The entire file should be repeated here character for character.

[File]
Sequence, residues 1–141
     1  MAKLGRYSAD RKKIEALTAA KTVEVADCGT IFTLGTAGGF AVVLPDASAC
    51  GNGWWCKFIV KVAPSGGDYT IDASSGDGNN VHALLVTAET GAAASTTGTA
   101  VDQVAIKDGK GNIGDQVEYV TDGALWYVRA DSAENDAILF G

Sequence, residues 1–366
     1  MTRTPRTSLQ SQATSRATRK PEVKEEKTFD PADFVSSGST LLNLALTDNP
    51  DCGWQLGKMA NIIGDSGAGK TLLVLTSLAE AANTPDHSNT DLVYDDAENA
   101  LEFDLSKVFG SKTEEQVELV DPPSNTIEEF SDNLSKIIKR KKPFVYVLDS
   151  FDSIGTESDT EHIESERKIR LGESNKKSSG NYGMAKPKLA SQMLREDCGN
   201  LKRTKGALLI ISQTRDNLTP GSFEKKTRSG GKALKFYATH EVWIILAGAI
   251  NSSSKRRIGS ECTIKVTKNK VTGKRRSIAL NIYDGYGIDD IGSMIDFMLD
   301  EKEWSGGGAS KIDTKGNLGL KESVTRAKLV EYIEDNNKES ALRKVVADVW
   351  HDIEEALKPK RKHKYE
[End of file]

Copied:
Sequence, residues 1–141
     1  MAKLGRYSAD RKKIEALTAA KTVEVADCGT IFTLGTAGGF AVVLPDASAC
    51  GNGWWCKFIV KVAPSGGDYT IDASSGDGNN VHALLVTAET GAAASTTGTA
   101  VDQVAIKDGK GNIGDQVEYV TDGALWYVRA DSAENDAILF G

Sequence, residues 1–366
     1  MTRTPRTSLQ SQATSRATRK PEVKEEKTFD PADFVSSGST LLNLALTDNP
    51  DCGWQLGKMA NIIGDSGAGK TLLVLTSLAE AANTPDHSNT DLVYDDAENA
   101  LEFDLSKVFG SKTEEQVELV DPPSNTIEEF SDNLSKIIKR KKPFVYVLDS
   151  FDSIGTESDT EHIESERKIR LGESNKKSSG NYGMAKPKLA SQMLREDCGN
   201  LKRTKGALLI ISQTRDNLTP GSFEKKTRSG GKALKFYATH EVWIILAGAI
   251  NSSSKRRIGS ECTIKVTKNK VTGKRRSIAL NIYDGYGIDD IGSMIDFMLD
   301  EKEWSGGGAS KIDTKGNLGL KESVTRAKLV EYIEDNNKES ALRKVVADVW
   351  HDIEEALKPK RKHKYE